Rural Missouri - January 2011 - (Page 23)
Billiards meets bowling
Fredericktown man combines two classic games to create new sports sensation
“Even the dimensions of the pockets are the same, just a lot bigger.” Playing “Knokkers” requires skills from both of the games from which it is derived — the bilhere aren’t many things in this world that liards game 8-ball and bowling. Just as when you’re make Steve Wienecke look small. Standing 6 playing 8-ball, you must have an understanding of feet 4 inches tall and weighing in at around angles and how to use the rail to shoot your balls, 270 pounds, this former semi-pro football and not your opponent’s, into the pockets. And, you player and cage fighter casts a large shadow. must also be able to throw the ball accurately, as in But step into his backyard south of Fredericktown bowling, because there is no cue stick. and everything, including Steve, shrinks in stature. All shots are taken while standing on the playing Here, in a space large enough to encompass an surface and not from the rail or outside the table, in-ground swimming pool, Steve has built what he just as Steve envisioned back in 1985. The game believes is the world’s largest regulation-size pool begins by breaking the rack of 15 numbered balls, table. At nearly 30 feet long and 15 feet wide, the which includes eight solid-colored balls, including table and the hybrid game played on its surface — a the 8-ball, and seven striped balls. As when you combination of billiards and bowling that Steve calls bowl, you must remain behind the scratch line. The “Knokkers” — are the culmination of an idea 25 player who pockets the first ball determines who years in the making. plays solids and who plays stripes. “Back in 1985, I was playing in From there the rules essentially follow a pool league, and I thought it’d be that of 8-ball, with one exception. After so neat to be playing up on the table,” each shot, you’re allowed to pick up the recalls the member of Black River Electric cue ball. However, once you touch the Cooperative. “I didn’t know how it would • cue, you’re not allowed to move your work, but I knew it’d be fun.” Fredericktown feet. “Long arms are definitely a big Though he works as a probation and advantage,” says Steve with a smile parole assistant during the week, Steve as he raises his hands and displays his always has considered himself an inventor. enormous wingspan. “But anyone can play, even His tinkering over the years has included a wide vakids. My kids and grandkids love to play.” riety of products, from an indestructible mailbox to True to his billiards roots, Steve doesn’t believe in hospital furniture to gasoline-powered hand tools. playing “slop,” or scoring shots that you didn’t inAfter letting his idea of a giant pool table linger for tend to pocket. Despite being supersized, he says his more than two decades, he finally decided to build “Knokkers” table plays just like a regular-size table. it in 2008. “If you can throw a hook in bowling, you can “I knew they couldn’t tell me there was another even get massé shots,” he adds. “That ball will grab one of these down the street,” he says, referring to the carpet and curl. It’s pretty intense.” the response some of his other inventions had reWhile the table at Steve’s home in Madison ceived. “My wife, Tina, thought it was a little crazy. County is permanent, it gave him confidence in his But when she saw the first game, she said, ‘You have idea and the ability to show proof of concept. Soon something here.’” his cousin, Sam Sparks, and a friend, Rick Skaggs, With help from local businesses who donated decided to partner with him in his endeavor. materials, Steve’s new gaming table took 200 hours With a patent pending on the table and a tradeto build. In the process, he used 38 railroad ties, five mark in place for the game, the men have built a truckloads of gravel and 4-1/4 yards of concrete. He portable version of the table. Constructed entirely of bought used bowling balls from the alley in town. plastic, this second-generation table can be moved “It’s exactly like a regulation pool table, only evfrom venue to venue and even includes ball returns. erything is scaled up to four times the size,” he says.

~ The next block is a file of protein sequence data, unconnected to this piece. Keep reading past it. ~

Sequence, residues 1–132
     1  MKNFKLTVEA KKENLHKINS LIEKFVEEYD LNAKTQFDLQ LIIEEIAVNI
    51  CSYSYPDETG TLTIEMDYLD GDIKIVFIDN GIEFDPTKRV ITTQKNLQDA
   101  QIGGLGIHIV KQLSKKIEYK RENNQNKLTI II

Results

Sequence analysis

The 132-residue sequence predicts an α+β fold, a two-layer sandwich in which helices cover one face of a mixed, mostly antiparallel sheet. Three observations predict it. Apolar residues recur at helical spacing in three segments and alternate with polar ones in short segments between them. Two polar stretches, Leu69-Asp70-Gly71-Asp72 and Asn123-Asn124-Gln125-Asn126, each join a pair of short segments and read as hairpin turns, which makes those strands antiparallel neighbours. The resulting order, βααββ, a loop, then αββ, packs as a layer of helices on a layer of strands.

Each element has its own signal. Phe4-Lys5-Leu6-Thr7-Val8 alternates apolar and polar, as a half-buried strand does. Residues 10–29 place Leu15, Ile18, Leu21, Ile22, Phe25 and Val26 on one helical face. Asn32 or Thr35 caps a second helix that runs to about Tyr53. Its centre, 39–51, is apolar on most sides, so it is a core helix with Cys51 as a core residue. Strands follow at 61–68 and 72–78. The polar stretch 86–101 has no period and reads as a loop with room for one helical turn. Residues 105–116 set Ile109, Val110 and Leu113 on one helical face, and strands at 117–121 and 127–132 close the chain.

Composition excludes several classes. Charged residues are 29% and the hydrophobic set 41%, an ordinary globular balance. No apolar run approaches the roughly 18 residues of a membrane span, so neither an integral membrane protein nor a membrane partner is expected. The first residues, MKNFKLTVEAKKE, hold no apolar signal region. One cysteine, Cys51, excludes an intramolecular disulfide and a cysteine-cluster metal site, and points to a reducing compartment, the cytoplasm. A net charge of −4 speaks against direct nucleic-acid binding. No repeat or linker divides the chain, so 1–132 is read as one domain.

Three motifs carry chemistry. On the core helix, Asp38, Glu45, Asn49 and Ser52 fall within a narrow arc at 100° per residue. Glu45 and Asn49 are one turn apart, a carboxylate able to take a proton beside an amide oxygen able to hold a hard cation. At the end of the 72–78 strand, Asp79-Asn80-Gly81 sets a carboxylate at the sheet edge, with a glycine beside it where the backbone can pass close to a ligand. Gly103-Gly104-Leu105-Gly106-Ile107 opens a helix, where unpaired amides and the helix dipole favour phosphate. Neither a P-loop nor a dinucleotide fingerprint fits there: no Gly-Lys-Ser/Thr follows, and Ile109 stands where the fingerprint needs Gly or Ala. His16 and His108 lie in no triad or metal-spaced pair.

by Jason Jenkins email@example.com
Above: Steve Wienecke sits on the rail of his “Knokkers” table, which is four times the size of a regulation pool table. The supersized game combines pool and bowling. Below: Steve attempts to break the rack to begin the game. The balls weigh 6 pounds each. Sam, who makes bowling balls, designed a custom “Knokkers” ball that weighs 6 pounds and is virtually unbreakable. “You could dribble them up and down your driveway if you wanted,” Steve says. “They won’t dent or chip.” Steve says the group’s next step is to find additional investors to take the game to the next level. He envisions a market for “Knokkers” that includes theme parks, cruise ships, restaurants and even individual independent franchises. “We talked about a lot of ideas, but it’s all going to depend on the investors,” says Steve, who says one of his goals is to see the Budweiser Clydesdales kick a game of “Knokkers” in a future Super Bowl commercial. It seems the only things bigger than Steve’s game are his dreams for it. “We’re hoping this game will be around for 300 years.” For more information about Steve’s invention, you may contact him at firstname.lastname@example.org or 573-7837427, or visit his website at www.knokkers.com.
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